2. Issue a strong statement about a union, I think that visual effects should have one in order to represent the interests of the workers of the USA in visual effects. An organization that can ask why their elected representatives have sat on their hands and looked dumb while thousands of jobs left S. Cal without worrying about whether it annoys the studios. Of course it annoys the studios.  (By the way, why did our representatives sit on their hands while thousands were unemployed and have to leave the county?  It must have affected their tax base.  It couldn't be slavish obedience to the studios, now could it?)

3. Issue white papers whose purpose is to educate clients on fundamental principles. A fundamental principle might be to explain why changes late in the day might be easy, or it might be very hard and explain why.  I doubt it will do much good but 1 in 100 producers actually wants to do a good job and not just fuck people to make a dollar, and so that 1 person will benefit.

4. Help create a professional development path (paths) for people in the field. This is what they should be learning, doing, whatever if they want to progress in the field and be better professionals.  Instead of just saying every person for themselves, yahoo, go say you're an effects supervisor, no one will know the difference anyway.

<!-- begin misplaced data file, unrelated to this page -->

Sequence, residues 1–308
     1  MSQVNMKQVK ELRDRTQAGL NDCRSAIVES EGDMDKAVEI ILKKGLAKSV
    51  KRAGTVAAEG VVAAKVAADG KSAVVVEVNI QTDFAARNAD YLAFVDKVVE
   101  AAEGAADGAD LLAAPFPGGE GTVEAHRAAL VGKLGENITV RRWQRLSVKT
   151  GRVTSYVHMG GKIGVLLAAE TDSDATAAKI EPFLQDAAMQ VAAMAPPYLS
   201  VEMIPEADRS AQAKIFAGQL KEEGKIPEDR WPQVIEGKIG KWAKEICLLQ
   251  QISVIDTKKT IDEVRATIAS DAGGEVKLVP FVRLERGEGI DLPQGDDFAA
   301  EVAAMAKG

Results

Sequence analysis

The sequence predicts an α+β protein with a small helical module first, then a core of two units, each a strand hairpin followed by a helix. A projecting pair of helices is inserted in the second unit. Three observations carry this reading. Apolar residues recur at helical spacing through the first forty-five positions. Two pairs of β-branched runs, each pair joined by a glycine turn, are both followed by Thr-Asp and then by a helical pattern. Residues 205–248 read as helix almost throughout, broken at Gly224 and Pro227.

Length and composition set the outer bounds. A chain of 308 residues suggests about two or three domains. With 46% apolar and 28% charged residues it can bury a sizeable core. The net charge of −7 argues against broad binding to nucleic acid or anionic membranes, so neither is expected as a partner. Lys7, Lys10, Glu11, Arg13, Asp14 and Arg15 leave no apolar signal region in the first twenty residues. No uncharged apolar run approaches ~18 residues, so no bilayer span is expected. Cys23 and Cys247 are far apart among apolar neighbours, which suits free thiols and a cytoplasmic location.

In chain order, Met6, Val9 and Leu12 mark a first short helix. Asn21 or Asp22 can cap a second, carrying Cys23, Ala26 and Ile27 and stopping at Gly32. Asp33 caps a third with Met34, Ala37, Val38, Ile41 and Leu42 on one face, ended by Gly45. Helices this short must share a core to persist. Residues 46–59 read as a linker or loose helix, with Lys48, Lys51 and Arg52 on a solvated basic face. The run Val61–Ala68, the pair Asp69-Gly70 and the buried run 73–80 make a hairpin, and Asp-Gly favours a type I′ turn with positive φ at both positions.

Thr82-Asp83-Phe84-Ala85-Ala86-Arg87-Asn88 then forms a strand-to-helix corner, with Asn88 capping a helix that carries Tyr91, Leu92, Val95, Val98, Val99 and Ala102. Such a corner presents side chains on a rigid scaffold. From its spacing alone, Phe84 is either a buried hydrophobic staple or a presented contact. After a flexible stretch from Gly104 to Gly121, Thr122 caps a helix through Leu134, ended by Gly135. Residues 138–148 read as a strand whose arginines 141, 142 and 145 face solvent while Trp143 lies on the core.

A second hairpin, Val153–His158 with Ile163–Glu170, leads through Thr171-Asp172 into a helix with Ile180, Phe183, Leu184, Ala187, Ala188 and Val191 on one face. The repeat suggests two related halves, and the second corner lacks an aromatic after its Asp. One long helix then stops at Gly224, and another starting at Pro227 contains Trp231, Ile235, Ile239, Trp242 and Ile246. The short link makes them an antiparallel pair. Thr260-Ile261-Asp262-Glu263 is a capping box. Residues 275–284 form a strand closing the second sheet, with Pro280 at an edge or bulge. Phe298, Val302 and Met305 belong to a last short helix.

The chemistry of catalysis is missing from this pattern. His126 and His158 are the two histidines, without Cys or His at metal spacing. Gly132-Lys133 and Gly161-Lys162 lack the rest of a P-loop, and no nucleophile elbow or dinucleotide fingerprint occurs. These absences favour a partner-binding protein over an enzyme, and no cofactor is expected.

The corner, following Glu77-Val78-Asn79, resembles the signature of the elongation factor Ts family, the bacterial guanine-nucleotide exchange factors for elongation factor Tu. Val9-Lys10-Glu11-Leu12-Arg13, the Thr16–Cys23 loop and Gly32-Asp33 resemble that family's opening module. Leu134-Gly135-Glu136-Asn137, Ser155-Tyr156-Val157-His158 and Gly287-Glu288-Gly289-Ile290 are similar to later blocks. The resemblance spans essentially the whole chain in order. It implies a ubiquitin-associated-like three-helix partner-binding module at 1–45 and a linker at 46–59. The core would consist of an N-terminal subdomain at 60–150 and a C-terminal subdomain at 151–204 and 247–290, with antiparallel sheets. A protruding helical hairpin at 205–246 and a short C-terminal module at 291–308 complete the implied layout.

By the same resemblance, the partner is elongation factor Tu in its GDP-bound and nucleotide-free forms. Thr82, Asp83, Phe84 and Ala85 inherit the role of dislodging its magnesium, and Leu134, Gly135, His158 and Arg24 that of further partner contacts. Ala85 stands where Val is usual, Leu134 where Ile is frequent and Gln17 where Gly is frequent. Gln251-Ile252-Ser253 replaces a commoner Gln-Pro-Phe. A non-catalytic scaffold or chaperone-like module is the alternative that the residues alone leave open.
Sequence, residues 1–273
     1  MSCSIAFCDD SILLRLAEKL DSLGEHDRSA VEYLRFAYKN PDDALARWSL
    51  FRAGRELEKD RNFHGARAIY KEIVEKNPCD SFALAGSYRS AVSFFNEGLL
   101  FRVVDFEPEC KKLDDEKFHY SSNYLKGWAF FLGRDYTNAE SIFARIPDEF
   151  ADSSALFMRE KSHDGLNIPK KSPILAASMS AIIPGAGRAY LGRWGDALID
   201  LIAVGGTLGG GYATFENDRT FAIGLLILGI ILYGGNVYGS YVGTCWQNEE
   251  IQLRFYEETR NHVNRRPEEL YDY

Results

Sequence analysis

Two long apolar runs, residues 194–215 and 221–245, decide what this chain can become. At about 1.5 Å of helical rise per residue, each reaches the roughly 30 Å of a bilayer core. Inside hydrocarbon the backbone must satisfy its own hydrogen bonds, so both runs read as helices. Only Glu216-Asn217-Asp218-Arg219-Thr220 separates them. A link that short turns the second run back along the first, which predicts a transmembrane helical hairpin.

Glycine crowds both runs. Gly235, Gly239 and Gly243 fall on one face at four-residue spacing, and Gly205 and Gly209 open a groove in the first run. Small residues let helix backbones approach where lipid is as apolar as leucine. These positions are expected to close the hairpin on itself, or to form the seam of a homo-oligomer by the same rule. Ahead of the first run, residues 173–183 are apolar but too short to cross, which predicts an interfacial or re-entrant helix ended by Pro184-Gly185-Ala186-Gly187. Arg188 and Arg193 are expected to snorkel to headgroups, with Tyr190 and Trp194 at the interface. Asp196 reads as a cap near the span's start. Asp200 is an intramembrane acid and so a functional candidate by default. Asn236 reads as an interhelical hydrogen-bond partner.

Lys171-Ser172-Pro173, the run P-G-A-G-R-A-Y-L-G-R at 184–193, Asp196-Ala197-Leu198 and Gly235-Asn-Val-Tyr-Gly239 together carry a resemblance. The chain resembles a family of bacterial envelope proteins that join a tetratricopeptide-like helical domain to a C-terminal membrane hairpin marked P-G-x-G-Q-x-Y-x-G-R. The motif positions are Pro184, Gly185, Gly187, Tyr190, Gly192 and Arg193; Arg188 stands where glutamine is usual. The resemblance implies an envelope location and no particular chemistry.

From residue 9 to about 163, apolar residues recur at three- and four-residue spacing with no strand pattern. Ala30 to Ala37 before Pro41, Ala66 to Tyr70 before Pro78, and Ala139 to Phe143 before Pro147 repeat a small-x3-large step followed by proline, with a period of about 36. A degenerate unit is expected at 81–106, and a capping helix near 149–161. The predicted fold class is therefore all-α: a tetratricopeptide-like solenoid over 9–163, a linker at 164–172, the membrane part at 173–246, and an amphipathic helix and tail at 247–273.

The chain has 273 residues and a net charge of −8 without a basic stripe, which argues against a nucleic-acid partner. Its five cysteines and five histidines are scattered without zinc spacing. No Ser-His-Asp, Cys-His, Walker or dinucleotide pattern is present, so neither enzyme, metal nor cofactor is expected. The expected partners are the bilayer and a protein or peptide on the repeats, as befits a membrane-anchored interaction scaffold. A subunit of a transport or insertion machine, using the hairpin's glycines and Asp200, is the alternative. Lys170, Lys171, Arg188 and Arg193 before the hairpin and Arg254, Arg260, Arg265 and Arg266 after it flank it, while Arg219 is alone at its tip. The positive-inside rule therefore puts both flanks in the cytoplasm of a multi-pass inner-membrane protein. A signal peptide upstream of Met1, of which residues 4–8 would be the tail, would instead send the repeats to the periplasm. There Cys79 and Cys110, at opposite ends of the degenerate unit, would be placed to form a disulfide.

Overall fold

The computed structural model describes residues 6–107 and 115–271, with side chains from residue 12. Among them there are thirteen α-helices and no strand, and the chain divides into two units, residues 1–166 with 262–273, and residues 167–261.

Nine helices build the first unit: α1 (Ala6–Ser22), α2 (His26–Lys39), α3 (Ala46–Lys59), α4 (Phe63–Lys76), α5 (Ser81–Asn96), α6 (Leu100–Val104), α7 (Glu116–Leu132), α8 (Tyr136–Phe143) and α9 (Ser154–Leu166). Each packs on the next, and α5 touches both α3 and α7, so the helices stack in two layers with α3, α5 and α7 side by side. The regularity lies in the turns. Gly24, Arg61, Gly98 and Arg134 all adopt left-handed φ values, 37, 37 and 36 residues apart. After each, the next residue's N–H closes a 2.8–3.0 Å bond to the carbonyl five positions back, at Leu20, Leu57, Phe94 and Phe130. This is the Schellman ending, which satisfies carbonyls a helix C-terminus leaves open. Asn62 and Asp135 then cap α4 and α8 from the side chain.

5. Help create a way for out of work individuals to have access to the tools they need to stay current. Without the tools, they can not practice and their skills will get both rusty and out of date and then they are completely, as the French say, es fucque.

6. Take a strong position on subsidies.  Subsidies destroyed employment in Los Angeles where a huge number of your workers have/had lives.   Sure LA may be a sucking sewer of smog and corruption, but it is *our* sucking sewer and we should defend it.

7. Finally I think that one of the largest problems visual effects has is that everyone tries to be like everyone else.  As long as they do that they will be treated like the commodity that they are.   Only by creating their own vision as artists will they be unique and be able to command a better price, or so I argue.  We do see a little bit of that in this field, but I think we should see a lot more.

I will elaborate on all of these in future posts.

I want to thank the people who took the time to write the report. No, its not what I would ideally want, but it may be the best the VES can do, given the various interests they have to accommodate, and it certainly was a lot of work and I certainly appreciate it.